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Kairos Aerospace — rebranding as Insight M — raises $52 million Series D to reduce methane emissions

The Series D, led by funds and accounts managed by BlackRock, arrives as Kairos’ oil and gas industry customers scramble to adapt to new methane regulations and fees
Methane emissions captured by Insight M's LeakSurveyor device

Kairos Aerospace not only pinpoints leaks, but also equips owners and operators of oil and gas infra­struc­ture with the data and strategy they need to prag­mat­i­cally manage their methane emissions — enabling them to fix leaks quickly and profitably, which has a massive positive impact on the climate. We’ve backed Kairos since 2016, and over that time, oil and gas producers, legislators, and federal and state regulators have come to recognize that methane leaks from wells and pipelines are a major source of greenhouse gas emissions that must be monitored and mitigated — and we’ve been proud to watch the company scale to keep up with the new demand for insights about these releases. 

Kairos is changing its name to Insight M to reflect its central focus on helping oil and gas companies manage their methane emissions. This week they announced their $52 million Series D to continue the company’s growth. Funds and accounts managed by BlackRock led the round, alongside Hartree Partners and existing investors Climate Investment and Energy Innovation Capital. We at DCVC were also pleased to invest.

Why? Because molecule for molecule, methane is 80 times more potent than CO2 in terms of warming the Earth, over a 20-year period. Anthro­pogenic methane is responsible for up to 30 percent of the rise in global temper­a­tures since the industrial revolution. Millions of metric tons of the gas escape into the air every year, due to leaks from oil and natural infra­struc­ture, as well as from agriculture (the other major source of anthro­pogenic methane). But methane is odorless and invisible to the naked eye, so measuring and controlling emissions requires dedicated detectors located either on the ground at production or processing facilities or flying overhead on satellites or aircraft.

Insight M is the leader in aerial methane detection. The company’s proprietary spec­trom­e­ters measure the absorption of reflected sunlight by methane molecules. Insight M mounts these devices on small planes and conducts frequent flights over entire oil and gas basins, such as the Permian Basin in West Central Texas and south­eastern New Mexico, covering up to 100 square miles per plane per day. Their team crunches the data to pinpoint the location and quantify the scale of each leak. Because the flights are so frequent and cover so much territory, We have a mountain of data on methane emissions that nobody else has,” says Gregg Rotenberg, the company’s CEO. This data enables us to provide a compre­hen­sive solution to oil and gas companies — not only do we help them pinpoint their emissions, but we also offer scien­tif­i­cally rigorous tools that help them choose the methane management strategy that best aligns with their business goals.”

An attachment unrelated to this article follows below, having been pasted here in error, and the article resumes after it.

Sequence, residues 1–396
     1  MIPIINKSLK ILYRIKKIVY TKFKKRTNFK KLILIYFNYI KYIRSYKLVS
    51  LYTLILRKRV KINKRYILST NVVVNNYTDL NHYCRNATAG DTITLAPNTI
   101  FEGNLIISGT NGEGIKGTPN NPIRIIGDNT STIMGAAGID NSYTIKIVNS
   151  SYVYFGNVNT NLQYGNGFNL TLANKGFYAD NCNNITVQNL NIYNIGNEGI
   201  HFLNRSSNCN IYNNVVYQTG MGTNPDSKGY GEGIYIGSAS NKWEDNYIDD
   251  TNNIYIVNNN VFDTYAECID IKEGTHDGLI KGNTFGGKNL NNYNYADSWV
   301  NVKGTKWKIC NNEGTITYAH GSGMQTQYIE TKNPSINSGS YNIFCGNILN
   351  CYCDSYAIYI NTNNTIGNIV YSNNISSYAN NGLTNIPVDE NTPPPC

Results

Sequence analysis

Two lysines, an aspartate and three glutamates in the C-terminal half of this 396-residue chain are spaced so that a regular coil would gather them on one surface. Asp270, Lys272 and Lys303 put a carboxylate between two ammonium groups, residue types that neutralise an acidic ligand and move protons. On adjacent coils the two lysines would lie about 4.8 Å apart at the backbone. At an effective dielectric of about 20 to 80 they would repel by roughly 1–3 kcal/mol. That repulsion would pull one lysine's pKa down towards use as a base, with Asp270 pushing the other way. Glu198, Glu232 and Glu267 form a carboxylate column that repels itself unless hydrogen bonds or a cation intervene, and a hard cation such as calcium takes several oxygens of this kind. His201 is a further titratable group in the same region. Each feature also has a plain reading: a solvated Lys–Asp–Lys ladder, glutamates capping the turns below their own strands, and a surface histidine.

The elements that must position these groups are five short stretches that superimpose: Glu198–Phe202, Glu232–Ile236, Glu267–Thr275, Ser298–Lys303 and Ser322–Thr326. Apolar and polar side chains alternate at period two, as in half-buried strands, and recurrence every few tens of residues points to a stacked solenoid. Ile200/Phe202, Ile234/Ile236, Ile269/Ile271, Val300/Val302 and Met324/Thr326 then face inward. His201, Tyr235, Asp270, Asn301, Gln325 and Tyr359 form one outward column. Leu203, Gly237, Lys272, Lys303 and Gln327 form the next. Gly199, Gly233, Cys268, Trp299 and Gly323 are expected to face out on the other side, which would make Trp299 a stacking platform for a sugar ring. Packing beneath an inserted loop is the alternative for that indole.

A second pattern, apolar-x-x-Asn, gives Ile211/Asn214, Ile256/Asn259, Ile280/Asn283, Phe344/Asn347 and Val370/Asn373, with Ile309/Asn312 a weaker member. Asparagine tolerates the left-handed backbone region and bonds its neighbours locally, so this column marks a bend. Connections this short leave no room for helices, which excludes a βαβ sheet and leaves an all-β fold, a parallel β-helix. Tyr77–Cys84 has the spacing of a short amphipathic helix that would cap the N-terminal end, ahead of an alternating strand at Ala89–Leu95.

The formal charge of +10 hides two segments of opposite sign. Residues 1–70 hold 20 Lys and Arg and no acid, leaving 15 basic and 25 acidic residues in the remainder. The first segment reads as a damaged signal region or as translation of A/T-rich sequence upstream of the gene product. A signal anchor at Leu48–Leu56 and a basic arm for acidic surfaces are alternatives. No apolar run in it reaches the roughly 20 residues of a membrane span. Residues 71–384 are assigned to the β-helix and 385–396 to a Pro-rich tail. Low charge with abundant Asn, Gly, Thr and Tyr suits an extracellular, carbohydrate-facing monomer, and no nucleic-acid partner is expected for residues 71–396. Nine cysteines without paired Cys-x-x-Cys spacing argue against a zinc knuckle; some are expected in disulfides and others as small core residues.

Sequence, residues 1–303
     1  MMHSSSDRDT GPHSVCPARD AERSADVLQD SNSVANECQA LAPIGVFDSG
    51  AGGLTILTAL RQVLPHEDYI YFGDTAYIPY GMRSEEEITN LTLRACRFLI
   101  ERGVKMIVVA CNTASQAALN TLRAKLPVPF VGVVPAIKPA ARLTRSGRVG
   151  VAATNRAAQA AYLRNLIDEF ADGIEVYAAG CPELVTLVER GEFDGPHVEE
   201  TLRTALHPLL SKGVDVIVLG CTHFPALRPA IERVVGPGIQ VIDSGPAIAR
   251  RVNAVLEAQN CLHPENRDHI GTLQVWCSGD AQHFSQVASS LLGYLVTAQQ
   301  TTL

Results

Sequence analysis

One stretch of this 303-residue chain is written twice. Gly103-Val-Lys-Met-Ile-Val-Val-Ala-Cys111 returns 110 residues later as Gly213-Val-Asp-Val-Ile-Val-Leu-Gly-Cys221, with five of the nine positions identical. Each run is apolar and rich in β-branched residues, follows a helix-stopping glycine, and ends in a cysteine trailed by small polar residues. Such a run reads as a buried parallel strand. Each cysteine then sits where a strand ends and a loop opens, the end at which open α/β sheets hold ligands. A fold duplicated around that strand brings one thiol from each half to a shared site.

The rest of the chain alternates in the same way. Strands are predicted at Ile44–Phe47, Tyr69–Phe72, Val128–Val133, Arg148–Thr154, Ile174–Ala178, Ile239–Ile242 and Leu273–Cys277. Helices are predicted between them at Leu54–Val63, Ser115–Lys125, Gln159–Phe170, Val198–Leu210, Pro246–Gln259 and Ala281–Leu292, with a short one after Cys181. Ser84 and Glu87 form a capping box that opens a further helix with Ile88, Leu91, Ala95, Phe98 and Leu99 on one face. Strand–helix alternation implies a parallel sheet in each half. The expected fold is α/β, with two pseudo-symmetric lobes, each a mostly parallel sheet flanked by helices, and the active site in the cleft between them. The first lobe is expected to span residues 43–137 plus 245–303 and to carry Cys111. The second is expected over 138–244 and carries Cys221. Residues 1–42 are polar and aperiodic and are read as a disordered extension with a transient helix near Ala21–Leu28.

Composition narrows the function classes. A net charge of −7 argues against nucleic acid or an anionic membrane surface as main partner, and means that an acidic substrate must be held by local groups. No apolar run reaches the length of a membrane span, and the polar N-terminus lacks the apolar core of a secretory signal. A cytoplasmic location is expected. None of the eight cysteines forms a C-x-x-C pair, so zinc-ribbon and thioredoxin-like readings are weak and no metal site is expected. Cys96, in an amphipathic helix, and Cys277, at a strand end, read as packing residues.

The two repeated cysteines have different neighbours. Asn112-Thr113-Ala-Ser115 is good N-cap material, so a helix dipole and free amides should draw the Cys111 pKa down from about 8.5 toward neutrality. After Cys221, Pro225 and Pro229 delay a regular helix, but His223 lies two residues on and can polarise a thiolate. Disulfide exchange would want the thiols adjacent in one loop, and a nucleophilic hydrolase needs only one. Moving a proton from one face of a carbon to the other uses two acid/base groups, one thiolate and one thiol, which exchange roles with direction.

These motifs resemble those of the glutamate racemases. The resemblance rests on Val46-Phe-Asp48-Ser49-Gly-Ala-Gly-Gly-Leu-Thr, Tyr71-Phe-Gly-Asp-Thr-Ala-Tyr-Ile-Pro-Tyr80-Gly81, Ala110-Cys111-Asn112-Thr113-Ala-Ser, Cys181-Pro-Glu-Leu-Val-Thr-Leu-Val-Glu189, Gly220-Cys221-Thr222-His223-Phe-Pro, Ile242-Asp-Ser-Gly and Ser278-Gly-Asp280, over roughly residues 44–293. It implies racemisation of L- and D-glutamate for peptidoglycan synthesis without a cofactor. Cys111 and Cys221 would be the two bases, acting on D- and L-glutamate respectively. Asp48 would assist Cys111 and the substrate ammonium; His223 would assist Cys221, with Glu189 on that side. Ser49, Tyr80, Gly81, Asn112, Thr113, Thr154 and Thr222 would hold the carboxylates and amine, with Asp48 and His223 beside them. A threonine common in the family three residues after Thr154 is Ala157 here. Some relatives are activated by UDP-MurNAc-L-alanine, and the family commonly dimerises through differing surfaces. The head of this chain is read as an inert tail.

The timing of Insight M’s scale-up could not be more perfect. The company is increasing its data-gathering capacity at the exact moment when the Envi­ron­mental Protection Agency is detailing how it proposes to implement annual waste methane emission charges, which were written into the Inflation Reduction Act of 2022 to incentivize operators to prevent leaks. Operators of both new and existing facilities must now regularly inspect for leaks, using either traditional ground-based sensors or advanced methods such as Insight M’s aerial flyovers. When emissions exceed the EPA’s threshold, companies will have to pay $900 per metric ton of methane beginning this year, escalating to $1,500 in 2026. Because most operators have under­es­ti­mated their leak rates in the past, total methane fees could be surpris­ingly high, potentially mounting into the billions of dollars per year across the industry.

The charges will be based on self-reported emissions figures, but companies will now have to use EPA-approved measuring tech­nolo­gies. (Insight M is working hard behind the scenes to get its data gathering system certified by the EPA.) But there’s a twist: rules announced in late 2023 give third parties, such as envi­ron­mental NGOs and scientific orga­ni­za­tions, a way to report so-called super emitters. Operators will be required to investigate these third-party reports and include the leaks in the totals used to calculate the waste emissions charges. The Super Emitter Program means, in effect, that oil and gas companies can’t afford not to know about their own emissions. Insight M won’t participate in the Super Emitter program, and never provides customer data to third parties.

Insight M’s high-frequency surveys excel at spotting the medium-to-large leaks that constitute the bulk of the methane emissions problem, and that push operators into super emitter territory. They can also help oil and gas operators see how they rank compared to their peers, and prove to stake­holders that they’re meeting envi­ron­mental goals, thus lowering the cost of capital. 

With its new capital infusion, Insight M will be able to stay at the cutting edge of methane detection and strategic management, while growing its sales and operations teams to meet exploding demand. That, in turn, will help Insight M’s customers curtail millions of tons of methane emissions — which is ultimately one of the easiest, fastest, and cheapest paths toward curbing global warming.

Zachary Bogue is Co-Founder and Managing Partner at DCVC.

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